ORIGINAL STORY — As part of a recent series of stories called “Living with Cancer,” the Maincihi Daily News (a Japanese newspaper translated into English on the Internet) tells of a woman who has been volunteering as a suicide prevention crisis line worker since two years after her husband was diagnosed with kidney cancer.
Masae, a no-nonsense woman of 71 [has] reasons for joining the center [that] are very personal, for she has direct experience of what suicide means to those who are left behind. In 1991, Masae’s 24-year-old son took his own life … Masae started volunteering at the Suicide Prevention Center … when she read about it in a newspaper and decided that she wanted to help. “I don’t want to see one more suicide,” she thought.
At first, when Masae picked up the phone and heard a young voice saying “I want to die,” she would sometimes come close to collapse. Her son had said the same thing, and it was like hearing his voice from beyond the grave. But she was determined to take the calls, and to hold on.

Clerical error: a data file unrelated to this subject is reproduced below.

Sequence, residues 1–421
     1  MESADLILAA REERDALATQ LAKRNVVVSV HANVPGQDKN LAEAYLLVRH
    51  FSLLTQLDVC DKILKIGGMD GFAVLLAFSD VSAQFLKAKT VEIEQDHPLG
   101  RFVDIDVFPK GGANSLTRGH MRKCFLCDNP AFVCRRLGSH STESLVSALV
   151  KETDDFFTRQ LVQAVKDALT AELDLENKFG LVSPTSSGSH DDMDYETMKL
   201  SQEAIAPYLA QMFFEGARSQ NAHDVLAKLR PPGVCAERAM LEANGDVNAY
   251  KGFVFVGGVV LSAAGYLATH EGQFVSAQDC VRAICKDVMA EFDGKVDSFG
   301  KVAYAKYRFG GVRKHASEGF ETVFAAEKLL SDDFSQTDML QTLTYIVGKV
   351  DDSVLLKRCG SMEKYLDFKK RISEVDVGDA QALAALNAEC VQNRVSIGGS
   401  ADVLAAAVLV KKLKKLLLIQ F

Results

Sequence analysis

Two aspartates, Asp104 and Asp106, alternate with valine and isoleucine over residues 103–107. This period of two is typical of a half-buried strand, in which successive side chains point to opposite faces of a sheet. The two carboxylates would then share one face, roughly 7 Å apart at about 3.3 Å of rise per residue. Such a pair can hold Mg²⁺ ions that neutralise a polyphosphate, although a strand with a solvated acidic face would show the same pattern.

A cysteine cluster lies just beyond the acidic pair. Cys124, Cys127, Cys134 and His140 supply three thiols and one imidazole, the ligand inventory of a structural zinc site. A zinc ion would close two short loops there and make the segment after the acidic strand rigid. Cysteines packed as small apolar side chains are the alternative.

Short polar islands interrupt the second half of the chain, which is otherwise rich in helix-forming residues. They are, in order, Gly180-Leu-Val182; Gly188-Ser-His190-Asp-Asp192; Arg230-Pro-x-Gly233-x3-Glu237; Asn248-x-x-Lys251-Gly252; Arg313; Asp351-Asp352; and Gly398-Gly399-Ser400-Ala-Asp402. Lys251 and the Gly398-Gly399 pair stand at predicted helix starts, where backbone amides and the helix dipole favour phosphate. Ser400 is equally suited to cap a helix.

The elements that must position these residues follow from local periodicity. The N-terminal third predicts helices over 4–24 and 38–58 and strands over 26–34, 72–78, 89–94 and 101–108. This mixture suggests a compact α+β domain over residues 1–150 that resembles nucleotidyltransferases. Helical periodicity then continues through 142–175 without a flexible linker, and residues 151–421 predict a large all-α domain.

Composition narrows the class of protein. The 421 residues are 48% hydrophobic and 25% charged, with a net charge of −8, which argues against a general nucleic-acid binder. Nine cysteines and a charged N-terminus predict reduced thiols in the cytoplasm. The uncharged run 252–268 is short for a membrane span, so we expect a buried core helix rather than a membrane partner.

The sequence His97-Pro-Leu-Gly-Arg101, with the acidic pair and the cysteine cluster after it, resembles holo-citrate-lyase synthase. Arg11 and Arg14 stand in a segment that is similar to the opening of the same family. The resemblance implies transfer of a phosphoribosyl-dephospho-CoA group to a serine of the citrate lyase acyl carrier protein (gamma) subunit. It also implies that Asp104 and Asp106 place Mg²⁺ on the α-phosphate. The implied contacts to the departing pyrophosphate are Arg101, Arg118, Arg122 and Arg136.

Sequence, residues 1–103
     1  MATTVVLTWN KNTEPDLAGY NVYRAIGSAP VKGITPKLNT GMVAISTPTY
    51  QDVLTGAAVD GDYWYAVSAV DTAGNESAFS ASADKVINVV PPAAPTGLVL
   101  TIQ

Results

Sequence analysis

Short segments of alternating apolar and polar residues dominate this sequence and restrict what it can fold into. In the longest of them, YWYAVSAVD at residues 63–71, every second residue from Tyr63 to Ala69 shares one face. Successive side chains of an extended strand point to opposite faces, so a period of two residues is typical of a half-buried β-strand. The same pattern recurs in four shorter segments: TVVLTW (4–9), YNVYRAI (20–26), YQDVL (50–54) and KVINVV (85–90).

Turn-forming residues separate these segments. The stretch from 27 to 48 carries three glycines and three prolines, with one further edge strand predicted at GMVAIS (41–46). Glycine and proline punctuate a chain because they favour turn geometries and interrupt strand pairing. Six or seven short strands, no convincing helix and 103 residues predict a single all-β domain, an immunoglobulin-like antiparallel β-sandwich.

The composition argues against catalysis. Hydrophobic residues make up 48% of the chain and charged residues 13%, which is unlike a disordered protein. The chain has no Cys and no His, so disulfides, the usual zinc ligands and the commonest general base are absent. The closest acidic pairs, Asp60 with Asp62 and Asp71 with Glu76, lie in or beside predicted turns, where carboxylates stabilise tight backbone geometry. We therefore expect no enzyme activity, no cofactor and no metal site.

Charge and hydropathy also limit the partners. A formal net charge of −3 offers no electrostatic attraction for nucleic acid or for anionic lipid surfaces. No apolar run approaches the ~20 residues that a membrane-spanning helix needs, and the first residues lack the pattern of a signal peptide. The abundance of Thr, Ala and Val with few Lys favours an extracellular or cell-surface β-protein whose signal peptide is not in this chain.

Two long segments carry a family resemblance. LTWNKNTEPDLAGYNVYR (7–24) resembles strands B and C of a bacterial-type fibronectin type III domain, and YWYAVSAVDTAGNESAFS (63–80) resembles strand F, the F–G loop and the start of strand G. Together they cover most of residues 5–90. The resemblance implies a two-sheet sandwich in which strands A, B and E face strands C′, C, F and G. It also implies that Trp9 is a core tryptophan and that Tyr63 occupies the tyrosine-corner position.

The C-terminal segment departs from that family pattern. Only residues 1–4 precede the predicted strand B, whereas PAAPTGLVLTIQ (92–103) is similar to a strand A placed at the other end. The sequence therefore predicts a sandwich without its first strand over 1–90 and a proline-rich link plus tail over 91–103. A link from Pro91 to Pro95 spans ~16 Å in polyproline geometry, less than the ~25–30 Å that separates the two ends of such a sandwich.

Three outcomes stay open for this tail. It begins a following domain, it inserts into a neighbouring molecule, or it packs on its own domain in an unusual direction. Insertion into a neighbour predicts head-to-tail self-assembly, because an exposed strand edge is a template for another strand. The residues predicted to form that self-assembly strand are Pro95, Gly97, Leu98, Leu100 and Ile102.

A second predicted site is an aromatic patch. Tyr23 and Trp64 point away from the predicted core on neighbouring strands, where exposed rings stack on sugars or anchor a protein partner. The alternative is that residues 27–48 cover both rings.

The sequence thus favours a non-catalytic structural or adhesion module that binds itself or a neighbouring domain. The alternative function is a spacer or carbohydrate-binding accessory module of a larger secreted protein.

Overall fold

Now, after a time when she “had regretted her son’s suicide, believing that he’d died because of her,” Masae takes comfort from an expression for people on a Buddhist pilgrimage, “two traveling together”:
In some way, she always feels that her husband and her son are close by.
On the night of Nov. 30, just before the second anniversary of her husband’s death, Masae was at the Suicide Prevention Center phones. “Thank you,” she said at the end of a call. “I’m so glad I got the chance to talk to you.”
[The abridged URL for this post is http://tinyurl.com/WorksPhone .]